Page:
Tuesday, October 25, 2011

Caviar Garnishes

What to Garnish Caviar With!
As with many delicacy, caviar can be coupled with various different garnishes. A garnish is simply a flavor enhancer that is meant to highlight the main dish it enhances. When using a garnish with caviar, remember that the point of the garnish is to bring out the sophisticated flavors of caviar, not to overwhelm the caviar and take away from its natural taste. That being said, the following is a list of garnishes that can be used with caviar, followed by the "Traditional" method of eating caviar.

Garnishes that Can Be Used With Caviar:
  • Plain white toast or crackers are always a welcome bed for caviar to be served and enjoyed upon. Non-flavored toast or Water-Crackers work best. 
  • Russian Style Blinis. These "mini pankcakes" are this dough-filled breads that when heated are often used by Russians (and many other nationalities) to properly enjoy caviar.
  • Danish butter - Often overlooked is the quality and flavor of butter used when combining caviar and toast or crackers. Danish butter uses a different salt balance then conventional butter, especially butter found in most major U.S. Grocery stores. You might not think it makes a difference, but next time you find it, try Danish butter - it will make the caviar taste that much better.
  • Creme Fraiche is a butter alternative that can be used as it is creamier and lighter than butter with a slightly more sour taste. 
  • Boiled Egg-whites, chopped or solid can also be combined with caviar as they are mainly a texture garnish as protein packed egg-whites have relatively no taste.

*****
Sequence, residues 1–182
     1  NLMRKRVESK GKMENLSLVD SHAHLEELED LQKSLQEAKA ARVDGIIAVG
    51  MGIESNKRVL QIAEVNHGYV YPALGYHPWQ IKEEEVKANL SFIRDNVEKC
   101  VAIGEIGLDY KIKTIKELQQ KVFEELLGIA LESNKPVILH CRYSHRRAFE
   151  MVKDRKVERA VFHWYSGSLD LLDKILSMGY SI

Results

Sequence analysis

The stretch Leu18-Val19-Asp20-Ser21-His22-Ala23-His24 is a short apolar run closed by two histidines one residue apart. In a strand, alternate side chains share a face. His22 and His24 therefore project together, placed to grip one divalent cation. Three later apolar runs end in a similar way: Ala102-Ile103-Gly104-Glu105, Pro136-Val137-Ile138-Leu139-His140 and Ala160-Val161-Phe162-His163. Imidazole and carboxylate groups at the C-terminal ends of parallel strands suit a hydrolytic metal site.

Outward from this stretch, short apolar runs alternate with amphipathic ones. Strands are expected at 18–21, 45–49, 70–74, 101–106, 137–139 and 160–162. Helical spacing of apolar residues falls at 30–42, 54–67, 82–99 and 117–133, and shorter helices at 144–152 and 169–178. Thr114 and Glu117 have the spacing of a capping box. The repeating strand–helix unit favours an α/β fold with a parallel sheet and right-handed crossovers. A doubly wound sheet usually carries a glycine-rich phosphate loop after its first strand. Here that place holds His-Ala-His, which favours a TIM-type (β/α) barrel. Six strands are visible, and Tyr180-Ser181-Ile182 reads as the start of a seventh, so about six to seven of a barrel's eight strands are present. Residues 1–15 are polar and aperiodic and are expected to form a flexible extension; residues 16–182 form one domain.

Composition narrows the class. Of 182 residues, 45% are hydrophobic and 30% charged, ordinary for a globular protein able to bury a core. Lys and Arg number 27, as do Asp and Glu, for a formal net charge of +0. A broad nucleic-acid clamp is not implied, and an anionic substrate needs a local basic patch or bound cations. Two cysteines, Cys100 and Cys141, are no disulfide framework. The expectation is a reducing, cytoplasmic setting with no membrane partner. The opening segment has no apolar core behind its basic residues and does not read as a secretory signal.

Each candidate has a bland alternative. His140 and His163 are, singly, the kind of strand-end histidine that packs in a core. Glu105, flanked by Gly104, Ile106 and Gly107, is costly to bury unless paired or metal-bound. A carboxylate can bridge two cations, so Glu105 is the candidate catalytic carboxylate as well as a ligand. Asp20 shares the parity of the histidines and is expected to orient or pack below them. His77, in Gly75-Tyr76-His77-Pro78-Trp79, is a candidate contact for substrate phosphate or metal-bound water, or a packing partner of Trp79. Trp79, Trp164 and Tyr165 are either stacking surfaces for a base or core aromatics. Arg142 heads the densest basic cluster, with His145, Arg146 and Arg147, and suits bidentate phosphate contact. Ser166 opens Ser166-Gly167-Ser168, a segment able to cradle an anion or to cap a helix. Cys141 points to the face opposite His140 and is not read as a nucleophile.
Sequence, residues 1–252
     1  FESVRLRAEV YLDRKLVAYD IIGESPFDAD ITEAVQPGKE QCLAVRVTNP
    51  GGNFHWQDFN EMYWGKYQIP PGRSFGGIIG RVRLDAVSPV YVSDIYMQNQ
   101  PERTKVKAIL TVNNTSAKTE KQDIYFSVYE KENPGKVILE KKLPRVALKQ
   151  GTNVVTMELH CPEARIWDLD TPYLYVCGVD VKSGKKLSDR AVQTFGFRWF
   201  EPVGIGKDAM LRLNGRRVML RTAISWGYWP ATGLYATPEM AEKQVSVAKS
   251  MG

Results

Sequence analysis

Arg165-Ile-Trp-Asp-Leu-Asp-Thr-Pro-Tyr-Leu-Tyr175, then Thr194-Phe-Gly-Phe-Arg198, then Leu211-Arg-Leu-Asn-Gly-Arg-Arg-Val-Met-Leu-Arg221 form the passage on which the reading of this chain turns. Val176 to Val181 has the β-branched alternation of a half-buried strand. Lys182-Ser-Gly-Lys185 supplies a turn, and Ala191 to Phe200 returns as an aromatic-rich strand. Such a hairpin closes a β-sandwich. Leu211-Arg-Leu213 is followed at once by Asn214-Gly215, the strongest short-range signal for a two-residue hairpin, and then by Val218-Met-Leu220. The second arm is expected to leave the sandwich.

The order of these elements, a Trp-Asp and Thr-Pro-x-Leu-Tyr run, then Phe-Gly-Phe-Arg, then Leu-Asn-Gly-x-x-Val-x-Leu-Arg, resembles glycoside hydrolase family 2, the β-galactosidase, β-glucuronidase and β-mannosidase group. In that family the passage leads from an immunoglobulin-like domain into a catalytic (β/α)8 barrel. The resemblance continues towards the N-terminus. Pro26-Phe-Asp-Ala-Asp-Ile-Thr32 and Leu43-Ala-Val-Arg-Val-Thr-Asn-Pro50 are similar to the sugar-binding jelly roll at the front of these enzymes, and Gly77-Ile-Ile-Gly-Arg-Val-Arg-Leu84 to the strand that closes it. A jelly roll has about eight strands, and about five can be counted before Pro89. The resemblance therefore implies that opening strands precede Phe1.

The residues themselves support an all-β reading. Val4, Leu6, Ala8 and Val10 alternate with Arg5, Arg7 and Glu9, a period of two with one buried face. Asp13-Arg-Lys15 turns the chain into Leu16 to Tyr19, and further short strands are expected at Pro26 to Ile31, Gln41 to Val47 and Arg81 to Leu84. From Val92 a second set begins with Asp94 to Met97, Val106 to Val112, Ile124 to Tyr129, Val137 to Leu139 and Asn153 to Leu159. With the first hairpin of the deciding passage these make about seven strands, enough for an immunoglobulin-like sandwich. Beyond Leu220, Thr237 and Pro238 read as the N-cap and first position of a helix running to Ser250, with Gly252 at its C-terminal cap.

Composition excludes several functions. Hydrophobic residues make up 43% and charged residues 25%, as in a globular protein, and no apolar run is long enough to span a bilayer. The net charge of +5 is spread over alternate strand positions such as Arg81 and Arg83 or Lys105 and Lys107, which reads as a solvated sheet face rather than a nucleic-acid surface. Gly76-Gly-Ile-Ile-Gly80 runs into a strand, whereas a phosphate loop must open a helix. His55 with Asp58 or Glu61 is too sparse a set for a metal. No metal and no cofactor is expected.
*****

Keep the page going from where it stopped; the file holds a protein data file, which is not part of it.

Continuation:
• Chopped red onions can be used along with caviar to highlight salt undertones of the roe. Be sure to use the red onions in moderation however as they can easily overwhelm the caviar. 
  • Squeezing a few drips of lemon juice over caviar is also common as it provides a tang that balances quite well with the sea-saltiness of caviar, especially the saltier varieties such as Russian Sevruga Caviar
  • Smoked Salmon always compliments well with black caviar - with caviar placed atop the smoked salmon or wrapped within the smoked salmon in a blini style. 
  • Chives can also be used to garnish caviar. But like red onions, they should be used sparingly as they can easily overwhelm the taste of caviar.

The "Traditional" Method of Eating Caviar:

Simple, none of the above. Traditionalists love caviar for the taste of caviar itself. They view garnishes as defeating the purpose of eating caviar in the first place. Simply take a pearl spoon, place in caviar tin, scoop, apply to hand between thumb and index finger, place in mouth, and repeat.

Monday, October 24, 2011

International Flights and Travelling with Caviar

The U.S. Fish and Wildlife Service (FWS) has specific laws for Caviar and amounts passengers can carry when on International flights. These regulations were enacted to protect Caviar as most caviar originates from Sturgeon and Paddlefish, both of which are considered Protected Endangered Species under U.S. laws.